16 MayL: HANDICRAFT VILLAGE/NIGHT TRAIN TO LAO CAI.
AM: traditional cooking class in Hanoi
Visit Bat Trang ceramic village
21:00: Transfer to Hanoi railway station
21.55: Night train to Lao Cai.
This morning we went to Viet Cuisine and had a Vietnamese cooking class. First off, the chef took us on a tour of the Old Quarter farmer's market--not to buy, but just to see the wide range of products available. The level of hygiene was not exactly what we are used to in the states, what with raw meat and fish and seafood being prepared right on the floor of the stalls. Takes some getting used to, esp. the smells.
We returned to the restaurant and, after we all washed our hands, they ushered us upstairs to the second floor where a horseshoe-shaped set of tables was set up. We each got a chef's hat and an apron. We learned how to make four dishes:
Fresh spring rolls and dipping sauce
Chicken with lemon leaves
Fish with Tamarind sauce
Sweet potato pudding
The spring rolls were easy once you learned not to overload them: chopped lettuce, cilantro, rice noodles, pork (stir-fried with peanut butter!!!) and a cooked shrimp (artistically arranged), wrapped in a rice paper wrapper.
The dipping sauce had fish sauce, water, sugar, garlic, and lime juice, plus one hot pepper for flavor.
The lights went out during the stir-frying phase, but came back on after a minute or so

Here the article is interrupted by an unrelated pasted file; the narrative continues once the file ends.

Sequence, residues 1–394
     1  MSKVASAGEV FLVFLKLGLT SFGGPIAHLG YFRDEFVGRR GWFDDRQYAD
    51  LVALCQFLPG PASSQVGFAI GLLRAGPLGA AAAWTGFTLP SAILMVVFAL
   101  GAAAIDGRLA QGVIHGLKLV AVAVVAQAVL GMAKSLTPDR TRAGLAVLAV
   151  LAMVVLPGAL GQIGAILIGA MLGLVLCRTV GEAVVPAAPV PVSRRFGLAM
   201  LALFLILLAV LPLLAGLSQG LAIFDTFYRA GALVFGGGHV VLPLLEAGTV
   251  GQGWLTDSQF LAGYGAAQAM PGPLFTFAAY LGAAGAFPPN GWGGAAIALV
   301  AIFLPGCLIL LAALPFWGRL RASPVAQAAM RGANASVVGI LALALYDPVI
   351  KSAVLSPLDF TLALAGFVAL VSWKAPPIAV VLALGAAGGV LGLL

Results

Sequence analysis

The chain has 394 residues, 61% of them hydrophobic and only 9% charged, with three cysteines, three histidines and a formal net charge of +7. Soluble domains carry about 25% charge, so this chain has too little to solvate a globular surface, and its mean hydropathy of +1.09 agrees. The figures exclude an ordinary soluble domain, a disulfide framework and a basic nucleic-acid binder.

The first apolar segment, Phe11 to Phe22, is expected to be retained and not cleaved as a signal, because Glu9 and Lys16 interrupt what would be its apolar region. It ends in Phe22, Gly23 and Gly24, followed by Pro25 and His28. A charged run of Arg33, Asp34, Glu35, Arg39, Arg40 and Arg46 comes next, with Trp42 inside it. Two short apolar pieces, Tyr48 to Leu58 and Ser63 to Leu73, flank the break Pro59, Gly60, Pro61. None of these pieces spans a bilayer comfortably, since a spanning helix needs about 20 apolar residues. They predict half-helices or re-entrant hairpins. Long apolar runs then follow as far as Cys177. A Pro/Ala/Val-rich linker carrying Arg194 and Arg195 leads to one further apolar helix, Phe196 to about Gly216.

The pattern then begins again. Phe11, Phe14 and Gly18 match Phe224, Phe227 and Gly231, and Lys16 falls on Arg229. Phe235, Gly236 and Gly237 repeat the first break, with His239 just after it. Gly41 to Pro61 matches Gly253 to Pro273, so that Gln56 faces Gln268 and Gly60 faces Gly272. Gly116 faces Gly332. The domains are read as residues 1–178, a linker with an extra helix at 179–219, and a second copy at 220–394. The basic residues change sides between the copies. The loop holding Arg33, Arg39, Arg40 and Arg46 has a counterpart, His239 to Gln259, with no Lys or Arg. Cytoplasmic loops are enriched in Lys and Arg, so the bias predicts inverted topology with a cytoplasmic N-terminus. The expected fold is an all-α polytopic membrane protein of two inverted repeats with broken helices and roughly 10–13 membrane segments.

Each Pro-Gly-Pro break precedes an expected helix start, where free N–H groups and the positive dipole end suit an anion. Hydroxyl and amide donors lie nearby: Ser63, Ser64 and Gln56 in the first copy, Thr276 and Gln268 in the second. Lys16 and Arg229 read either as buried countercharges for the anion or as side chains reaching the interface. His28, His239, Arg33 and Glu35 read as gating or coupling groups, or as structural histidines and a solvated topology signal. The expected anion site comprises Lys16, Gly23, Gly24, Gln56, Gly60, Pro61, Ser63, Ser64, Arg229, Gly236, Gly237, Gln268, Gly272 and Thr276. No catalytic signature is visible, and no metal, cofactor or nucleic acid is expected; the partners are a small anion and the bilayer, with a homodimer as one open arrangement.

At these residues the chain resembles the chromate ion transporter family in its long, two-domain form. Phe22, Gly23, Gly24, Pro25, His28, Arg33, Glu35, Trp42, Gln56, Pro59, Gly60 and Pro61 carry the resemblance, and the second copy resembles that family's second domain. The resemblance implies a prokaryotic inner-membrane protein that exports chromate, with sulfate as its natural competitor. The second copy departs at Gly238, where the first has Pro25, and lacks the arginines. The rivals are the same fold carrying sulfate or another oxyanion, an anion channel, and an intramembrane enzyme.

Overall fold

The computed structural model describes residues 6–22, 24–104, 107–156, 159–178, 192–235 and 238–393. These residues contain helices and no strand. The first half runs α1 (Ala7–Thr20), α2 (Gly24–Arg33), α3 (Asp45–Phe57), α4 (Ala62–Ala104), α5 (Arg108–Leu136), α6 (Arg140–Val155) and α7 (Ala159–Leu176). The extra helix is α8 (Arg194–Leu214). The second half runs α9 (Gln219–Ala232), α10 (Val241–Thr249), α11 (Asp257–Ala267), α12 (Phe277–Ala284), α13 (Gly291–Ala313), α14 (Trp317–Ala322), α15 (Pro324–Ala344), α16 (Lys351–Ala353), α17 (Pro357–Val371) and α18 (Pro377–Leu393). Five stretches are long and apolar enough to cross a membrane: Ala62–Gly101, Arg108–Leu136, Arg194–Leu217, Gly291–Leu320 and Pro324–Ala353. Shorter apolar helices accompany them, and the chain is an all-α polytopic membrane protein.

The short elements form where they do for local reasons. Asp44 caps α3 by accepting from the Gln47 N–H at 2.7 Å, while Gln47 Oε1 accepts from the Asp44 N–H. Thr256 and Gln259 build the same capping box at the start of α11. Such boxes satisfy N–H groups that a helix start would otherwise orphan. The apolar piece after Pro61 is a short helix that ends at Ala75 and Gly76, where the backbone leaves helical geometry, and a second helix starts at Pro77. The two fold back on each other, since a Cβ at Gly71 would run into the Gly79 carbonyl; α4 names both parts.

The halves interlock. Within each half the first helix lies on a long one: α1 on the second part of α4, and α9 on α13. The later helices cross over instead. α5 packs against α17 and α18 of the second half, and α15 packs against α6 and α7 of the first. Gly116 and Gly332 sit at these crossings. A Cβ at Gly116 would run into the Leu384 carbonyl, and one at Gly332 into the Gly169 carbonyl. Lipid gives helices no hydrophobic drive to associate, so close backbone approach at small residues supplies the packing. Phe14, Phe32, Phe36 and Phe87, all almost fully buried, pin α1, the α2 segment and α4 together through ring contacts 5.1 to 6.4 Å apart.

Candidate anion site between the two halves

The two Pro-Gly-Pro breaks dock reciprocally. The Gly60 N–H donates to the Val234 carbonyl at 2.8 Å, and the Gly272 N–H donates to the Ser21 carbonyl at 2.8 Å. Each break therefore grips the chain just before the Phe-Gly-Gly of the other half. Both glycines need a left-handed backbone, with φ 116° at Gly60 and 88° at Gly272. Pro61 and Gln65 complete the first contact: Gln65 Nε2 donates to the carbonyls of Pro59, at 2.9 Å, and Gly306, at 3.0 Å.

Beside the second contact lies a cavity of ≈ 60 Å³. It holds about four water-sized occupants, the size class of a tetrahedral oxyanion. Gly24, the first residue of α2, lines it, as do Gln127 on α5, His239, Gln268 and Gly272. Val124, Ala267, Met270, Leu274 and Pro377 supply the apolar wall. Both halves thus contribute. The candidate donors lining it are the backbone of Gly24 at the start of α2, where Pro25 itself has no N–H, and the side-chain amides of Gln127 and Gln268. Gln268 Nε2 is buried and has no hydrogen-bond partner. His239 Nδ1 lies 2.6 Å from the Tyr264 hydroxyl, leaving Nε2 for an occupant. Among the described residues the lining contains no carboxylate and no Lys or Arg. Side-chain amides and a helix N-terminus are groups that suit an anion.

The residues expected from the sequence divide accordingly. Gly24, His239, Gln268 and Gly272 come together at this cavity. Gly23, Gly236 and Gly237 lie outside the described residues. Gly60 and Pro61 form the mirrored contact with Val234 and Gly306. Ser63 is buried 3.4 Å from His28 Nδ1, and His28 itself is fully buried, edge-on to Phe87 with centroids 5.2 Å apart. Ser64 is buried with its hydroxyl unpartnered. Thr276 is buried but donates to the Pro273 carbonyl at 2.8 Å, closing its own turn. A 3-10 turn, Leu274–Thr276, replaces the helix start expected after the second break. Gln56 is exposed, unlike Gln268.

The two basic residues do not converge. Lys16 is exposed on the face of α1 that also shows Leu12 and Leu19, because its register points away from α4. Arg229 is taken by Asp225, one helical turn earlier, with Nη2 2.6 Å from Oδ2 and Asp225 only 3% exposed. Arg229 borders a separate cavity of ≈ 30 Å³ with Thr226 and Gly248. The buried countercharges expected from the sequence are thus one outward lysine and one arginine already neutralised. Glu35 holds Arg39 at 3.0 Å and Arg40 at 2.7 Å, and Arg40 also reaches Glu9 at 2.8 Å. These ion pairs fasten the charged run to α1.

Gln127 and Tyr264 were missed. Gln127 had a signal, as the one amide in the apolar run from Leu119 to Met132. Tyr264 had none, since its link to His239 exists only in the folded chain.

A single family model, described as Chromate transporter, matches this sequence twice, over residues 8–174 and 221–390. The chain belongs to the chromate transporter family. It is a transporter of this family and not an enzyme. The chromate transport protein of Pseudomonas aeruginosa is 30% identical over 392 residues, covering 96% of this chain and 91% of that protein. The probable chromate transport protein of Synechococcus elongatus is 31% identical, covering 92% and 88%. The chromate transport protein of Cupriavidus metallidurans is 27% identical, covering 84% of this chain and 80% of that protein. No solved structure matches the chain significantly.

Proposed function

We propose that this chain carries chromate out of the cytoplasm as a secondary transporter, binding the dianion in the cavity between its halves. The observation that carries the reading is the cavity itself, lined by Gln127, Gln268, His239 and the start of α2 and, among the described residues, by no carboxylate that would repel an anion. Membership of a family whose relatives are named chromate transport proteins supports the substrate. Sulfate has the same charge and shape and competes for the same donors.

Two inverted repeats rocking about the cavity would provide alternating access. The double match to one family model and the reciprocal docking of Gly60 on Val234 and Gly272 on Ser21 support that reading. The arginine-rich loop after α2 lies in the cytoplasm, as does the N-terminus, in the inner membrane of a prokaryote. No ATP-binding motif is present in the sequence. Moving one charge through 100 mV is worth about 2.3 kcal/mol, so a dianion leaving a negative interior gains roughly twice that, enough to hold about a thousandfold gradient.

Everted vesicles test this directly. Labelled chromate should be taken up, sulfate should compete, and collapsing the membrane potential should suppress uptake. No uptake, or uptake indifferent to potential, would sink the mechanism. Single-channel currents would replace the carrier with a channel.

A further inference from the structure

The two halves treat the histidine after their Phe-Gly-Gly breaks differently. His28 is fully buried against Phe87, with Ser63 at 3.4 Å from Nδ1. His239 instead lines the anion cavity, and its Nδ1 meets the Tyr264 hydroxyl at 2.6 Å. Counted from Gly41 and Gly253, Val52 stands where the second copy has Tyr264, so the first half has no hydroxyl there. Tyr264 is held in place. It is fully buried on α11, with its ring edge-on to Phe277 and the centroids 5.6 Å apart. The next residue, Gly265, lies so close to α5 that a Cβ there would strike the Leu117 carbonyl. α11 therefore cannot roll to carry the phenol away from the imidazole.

We ate the spring rolls right after making them for our appetizer.
We had to debone the chicken quarters--I had an advantage over the students because I do this often at home, as it is much cheaper to buy the chicken quarters bone-in, so I got some praise from the chef. Then we put some plum sauce on the non-skin side, and pressed a few lemon leaves (maybe they were actually lime leaves, as they referred to lime juice as "lemon juice"). These were to marinate for about 15 minutes, and then pan-fried.
The fiash was catfish, filleted and cut into three-inch square pieces. We scored cross-hatch marks into the flesh and put finely sliced ginger on top. The tamarind sauce was already prepared, but they gave us a recipe for making it from scratch. Then you steam the fish.
The most surprising dish was the sweet potato pudding. We began by finely dicing (white!) sweet potatos and puttign them into boiling water to cook. When they are easily "mushed" they are done, but midway through this process the lights went out, and this time it was for good. So the chef finished the pudding on a gas burner. You add coconut milk, cornstarch, sugar, and finely julienned ginger to the sweet potato mixture to finish.
Then we all trooped down to the first floor to enjoy the fruits of our labor, eating by candlelight.
Everythign tasted wonderful, esp. the chicken. The chef fried the lemon leaves as well, and the crispy leaves tasted just like (really!) Fruit Loops.
This would be an easy meal to make at home (add steamed rice), and I will definitely make it for Liam upon my return.
Well, one of the students needs the computer, so I will finish later.